Genetic factors can contribute to specific phobia; indeed, the phobia is an interaction between genetic and environmental stress factors. Longitudinal studies suggest that certain persons are constitutionally predisposed to phobias because they are born with a specific temperament (48). Different hypotheses have been suggested for explaining FOC, including a disturbance in neural-hormonal homeostasis (i.e., disturbed anxiety-regulating mechanisms) (5).

3.3.2. Psychological Factors

The birth of a child is one of the most important interpersonal transitions for couples (36). The feeling of insecurity and anxiety can be related to the relatively unknown, uncontrollable, or inevitable nature of childbirth. From a psychological point of view, this situation may be very distressing for some individuals (49).

The men's phobia may also be related to the concerns regarding the "health and safety of their partner and child” (21, 30). Fathers have stated that there may be events during childbirth leading to serious trauma or even the death of their spouse or child (17, 34, 43). These have been the most important reasons for phobia reported by fathers (25, 34). Another major reason for phobia reported by fathers has been concerns regarding abnormality and neonatal developmental defects (26, 28). Furthermore, some men stated their spouse’s phobia as the reason for their fear, indicating that mothers’ fear can lead to childbirth fear in fathers (30).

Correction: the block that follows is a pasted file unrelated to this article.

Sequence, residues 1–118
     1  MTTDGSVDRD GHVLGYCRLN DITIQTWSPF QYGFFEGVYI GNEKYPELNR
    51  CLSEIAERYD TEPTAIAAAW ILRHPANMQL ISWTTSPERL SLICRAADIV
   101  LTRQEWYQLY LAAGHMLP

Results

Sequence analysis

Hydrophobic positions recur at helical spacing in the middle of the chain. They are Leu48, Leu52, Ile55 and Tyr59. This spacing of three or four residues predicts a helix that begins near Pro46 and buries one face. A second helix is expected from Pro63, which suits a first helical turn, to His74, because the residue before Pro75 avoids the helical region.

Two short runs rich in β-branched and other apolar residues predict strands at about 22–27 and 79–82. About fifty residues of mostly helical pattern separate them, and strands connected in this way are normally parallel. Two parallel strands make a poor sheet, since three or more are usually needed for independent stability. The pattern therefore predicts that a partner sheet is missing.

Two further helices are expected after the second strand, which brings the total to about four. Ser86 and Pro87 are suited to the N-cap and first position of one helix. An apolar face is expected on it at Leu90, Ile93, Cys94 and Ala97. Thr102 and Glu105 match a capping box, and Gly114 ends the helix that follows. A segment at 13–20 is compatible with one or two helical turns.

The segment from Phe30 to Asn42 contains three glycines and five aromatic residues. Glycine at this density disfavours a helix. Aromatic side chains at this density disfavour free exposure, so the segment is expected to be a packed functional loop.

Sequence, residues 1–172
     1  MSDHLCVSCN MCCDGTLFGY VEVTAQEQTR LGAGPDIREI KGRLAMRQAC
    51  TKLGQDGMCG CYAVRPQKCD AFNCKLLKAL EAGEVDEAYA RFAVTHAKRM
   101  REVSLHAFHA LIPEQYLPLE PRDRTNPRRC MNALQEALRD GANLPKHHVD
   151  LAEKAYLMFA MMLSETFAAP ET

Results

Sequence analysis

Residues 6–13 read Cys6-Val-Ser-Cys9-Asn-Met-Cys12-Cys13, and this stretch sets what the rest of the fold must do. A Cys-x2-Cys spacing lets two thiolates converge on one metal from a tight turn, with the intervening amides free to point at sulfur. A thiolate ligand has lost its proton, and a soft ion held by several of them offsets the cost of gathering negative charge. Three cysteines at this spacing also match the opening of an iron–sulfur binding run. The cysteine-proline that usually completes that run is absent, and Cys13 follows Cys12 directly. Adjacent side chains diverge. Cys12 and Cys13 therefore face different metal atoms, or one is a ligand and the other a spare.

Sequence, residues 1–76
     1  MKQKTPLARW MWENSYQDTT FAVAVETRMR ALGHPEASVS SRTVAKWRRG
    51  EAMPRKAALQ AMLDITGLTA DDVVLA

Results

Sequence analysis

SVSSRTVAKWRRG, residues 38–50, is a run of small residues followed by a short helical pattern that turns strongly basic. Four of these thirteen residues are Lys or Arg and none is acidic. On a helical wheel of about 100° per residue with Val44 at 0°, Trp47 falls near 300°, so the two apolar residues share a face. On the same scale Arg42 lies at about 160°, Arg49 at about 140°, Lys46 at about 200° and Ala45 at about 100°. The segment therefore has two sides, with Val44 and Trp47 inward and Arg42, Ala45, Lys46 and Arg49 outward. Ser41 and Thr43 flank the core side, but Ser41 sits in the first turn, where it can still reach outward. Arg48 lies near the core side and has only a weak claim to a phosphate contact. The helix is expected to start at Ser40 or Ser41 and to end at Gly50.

Of the psychological factors predisposing to tokophobia is an individual tendency to anxiety and depression (10, 16), low self-esteem (31), mood disorders, Post-traumatic Stress Disorder (PTSD), history of psychological diseases, personality disorders (35), and fear of parental duties (50). The sadness feeling, unresolved distress, and insecurity in fathers have been related to higher anxiety, phobia, and irritability levels. Fathers with positive feelings toward the approaching childbirth due have reported significantly lower fear levels than fathers with negative feelings (19, 45). Factors such as lack of self-confidence, low self-efficacy, and self-deprecation are predictors of severe phobia (23).